GIScience 2016 Workshop on Spatial Data on the Web (SDW16)

Workshop on Spatial Data on the Web 2016

at GIScience 2016; 9th International Conference on Geographic Information Science Montreal, Canada - September 27-30. 2016.

Workshop Description and Scope

In their first joint collaboration, the Open Geospatial Consortium (OGC) and World Wide Web Consortium (W3C) have established the Spatial Data on the Web Working Group. The group aims at investigating and providing guidance for the following challenges (1) how can spatial information best be integrated with other data on the Web; (2) how can machines and people discover that different facts in different datasets relate to the same place or feature, especially when this place is expressed or represented in different ways and at different levels of granularity; (3) and what are existing methods and tools to publish, discover, reuse, and meaningfully integrate spatial data. The group is presently surveying the landscape of existing theories, methods, tools, and standards and is creating a set of best practices for their use.

The GIScience community has a long standing interest and expertise in many of the issues outlined above. In fact, work on geospatial semantics, geographic information retrieval, data integration, and spatial data infrastructures, has been part of the GIScience research agenda for many years. Therefore, this workshop aims at bringing researchers together to (1) discuss typical challenges in publishing spatial data on the Web, (2) identify best practices, (3) point out conceptual and theoretical foundations that need to be strengthened or established, (4) identify common quality issues for existing data and lessons learned, (5) improve and develop existing geo-ontologies for the semantic annotation of spatial data, and (6) discuss interface and services that will further improve data linking, sharing, and retrieval across communities.

Workshop Topics

Topics of interest include (but are not limited to):

Workshop Format

The workshop will focus on intensive discussions and experience reports to identify common challenges and best practice for publishing spatial data on the Web. The workshop will accept two kinds of contributions, full research papers (6-8 pages) presenting new work, surveys, and major findings in the areas indicated above, as well as statements of interest (2-4 pages). While full papers will be selected based on the review results adhering to classical scientific quality criteria, the statements of interest should raise questions, present visions, and point to existing gaps. However, statements of interest will also be reviewed to ensure quality and clarity of the presented ideas. Papers should be formatted according to the Latex or Doc LNCS template. Papers will be published via CEUR-WS.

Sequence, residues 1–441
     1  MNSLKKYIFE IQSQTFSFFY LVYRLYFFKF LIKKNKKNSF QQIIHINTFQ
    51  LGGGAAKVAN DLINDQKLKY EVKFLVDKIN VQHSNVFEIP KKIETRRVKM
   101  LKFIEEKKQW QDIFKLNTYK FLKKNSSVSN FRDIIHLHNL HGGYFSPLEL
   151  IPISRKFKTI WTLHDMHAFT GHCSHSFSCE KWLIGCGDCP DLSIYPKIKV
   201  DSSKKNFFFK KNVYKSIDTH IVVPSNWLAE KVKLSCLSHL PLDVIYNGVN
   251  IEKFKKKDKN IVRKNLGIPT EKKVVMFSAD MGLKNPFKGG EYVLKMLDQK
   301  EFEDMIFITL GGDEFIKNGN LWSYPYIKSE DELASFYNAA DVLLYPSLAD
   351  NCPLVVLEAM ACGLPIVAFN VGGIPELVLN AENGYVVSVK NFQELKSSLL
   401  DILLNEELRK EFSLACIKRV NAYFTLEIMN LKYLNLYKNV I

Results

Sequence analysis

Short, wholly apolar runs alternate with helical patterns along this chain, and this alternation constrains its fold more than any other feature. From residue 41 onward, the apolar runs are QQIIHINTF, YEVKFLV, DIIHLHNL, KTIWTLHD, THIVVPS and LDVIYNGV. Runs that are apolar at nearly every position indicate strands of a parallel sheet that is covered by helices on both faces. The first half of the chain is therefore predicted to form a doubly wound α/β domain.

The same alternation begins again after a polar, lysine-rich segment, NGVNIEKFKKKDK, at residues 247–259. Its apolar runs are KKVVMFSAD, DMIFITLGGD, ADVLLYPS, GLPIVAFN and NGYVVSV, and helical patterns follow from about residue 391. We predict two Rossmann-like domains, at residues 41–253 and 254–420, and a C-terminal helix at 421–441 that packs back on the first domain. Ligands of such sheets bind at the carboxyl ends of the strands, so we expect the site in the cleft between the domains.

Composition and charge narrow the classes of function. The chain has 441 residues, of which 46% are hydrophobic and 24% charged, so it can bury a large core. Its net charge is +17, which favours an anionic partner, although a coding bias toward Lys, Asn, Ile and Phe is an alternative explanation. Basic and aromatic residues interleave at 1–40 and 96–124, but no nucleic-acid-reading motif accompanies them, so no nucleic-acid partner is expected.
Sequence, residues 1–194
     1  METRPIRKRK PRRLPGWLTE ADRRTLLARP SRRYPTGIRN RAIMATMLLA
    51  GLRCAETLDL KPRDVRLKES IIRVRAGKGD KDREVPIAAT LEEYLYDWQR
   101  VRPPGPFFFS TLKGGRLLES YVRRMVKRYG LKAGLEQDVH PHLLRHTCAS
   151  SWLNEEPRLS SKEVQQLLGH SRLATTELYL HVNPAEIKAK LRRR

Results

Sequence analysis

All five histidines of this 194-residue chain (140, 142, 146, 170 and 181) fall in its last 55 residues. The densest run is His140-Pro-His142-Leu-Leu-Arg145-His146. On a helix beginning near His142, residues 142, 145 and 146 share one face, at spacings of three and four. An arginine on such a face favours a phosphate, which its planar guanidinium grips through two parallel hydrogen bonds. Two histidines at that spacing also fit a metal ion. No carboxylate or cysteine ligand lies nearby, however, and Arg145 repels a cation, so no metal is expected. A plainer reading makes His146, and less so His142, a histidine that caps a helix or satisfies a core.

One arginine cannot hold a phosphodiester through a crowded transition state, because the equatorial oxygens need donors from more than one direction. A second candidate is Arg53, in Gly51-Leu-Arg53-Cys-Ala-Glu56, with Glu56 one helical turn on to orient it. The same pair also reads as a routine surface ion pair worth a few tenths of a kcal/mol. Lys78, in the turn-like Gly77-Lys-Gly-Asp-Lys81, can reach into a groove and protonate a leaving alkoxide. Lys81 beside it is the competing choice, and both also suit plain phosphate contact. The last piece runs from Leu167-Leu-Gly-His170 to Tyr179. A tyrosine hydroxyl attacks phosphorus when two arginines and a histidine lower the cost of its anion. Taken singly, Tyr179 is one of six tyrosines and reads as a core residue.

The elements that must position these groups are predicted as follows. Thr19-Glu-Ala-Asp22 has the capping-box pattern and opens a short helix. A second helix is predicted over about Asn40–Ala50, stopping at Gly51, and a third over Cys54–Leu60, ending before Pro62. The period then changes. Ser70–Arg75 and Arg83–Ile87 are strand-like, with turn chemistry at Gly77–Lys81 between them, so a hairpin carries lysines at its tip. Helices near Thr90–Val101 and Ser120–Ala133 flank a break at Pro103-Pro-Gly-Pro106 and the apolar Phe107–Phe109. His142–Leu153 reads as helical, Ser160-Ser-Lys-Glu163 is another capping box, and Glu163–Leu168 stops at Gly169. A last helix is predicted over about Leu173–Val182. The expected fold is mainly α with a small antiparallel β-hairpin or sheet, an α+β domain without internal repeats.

Submissions shall be made through easychair at .

To register for the workshop, please visit

Keynote Speaker

Pixelated Places: Bringing order to place knowledge on the web by Benjamin Adams.
A massive amount of place-based knowledge exists on the web embedded in the unstructured natural language data found in web pages, social media, historical documents, scientific articles, data abstracts, etc. This information is presented in a form for human consumption but at a scale that makes it impossible for us to fully comprehend. In this talk I will discuss two related research projects designed to make this wealth of unstructured place knowledge more accessible and interoperable with other spatial data on the web. In first part I will describe the development of Wahi (, a discrete global grid gazetteer service. Wahi maps 11 million places from GeoNames to cells in a hierarchical discrete global grid system (DGGS), and exposes the data as Linked Data. By incorporating place data into a DGGS, the gazetteer provides a common spatial framework to integrate heterogeneous ‘platial’ and spatial data for a variety of applications. In the second part I will present Frankenplace (, an exemplar application of the discrete global grid gazetteer. Frankenplace is an exploratory search engine that uses the place information in a web corpus to organize and visualize search results. I will discuss the role of the gazetteer in building the index, and use the experience of building Frankenplace to highlight some open challenges going forward for structuring place knowledge from unstructured data on the web.
Benjamin Adams is a research fellow at the Centre for eResearch at the University of Auckland, New Zealand. His research aims to close the gaps between the rich, diverse, but extremely complex universe of geographic data being generated daily and the operationalized, applied research outcomes that analysts of this geographic data are seeking. His work spans from core methods in spatiotemporal data analytics through to investigating new forms of interactive exploratory search and data infrastructure to support scientists and other researchers seeking to perform these analyses. From 2012-2013 he was a post doctoral researcher at the National Center for Ecological Analysis and Synthesis where he worked on the modeling of scientific field observations to aid data integration and discovery in the ecological and environmental sciences. He received his Ph.D. in computer science with an emphasis in cognitivite science from the University of California, Santa Barbara.

Important Dates

Submission due: 27 May 2016 (deadline extended)

Acceptance Notification: 23 June 2016 (deadline extended)

Camera-ready Copies: 29 June 2016

Workshop: 27 September 2016

List of Accepted Papers

Tentative Program


Programme Committee

Related Activities


Please feel free to contact the organizers for further questions at jano @ geog . ucsb. edu.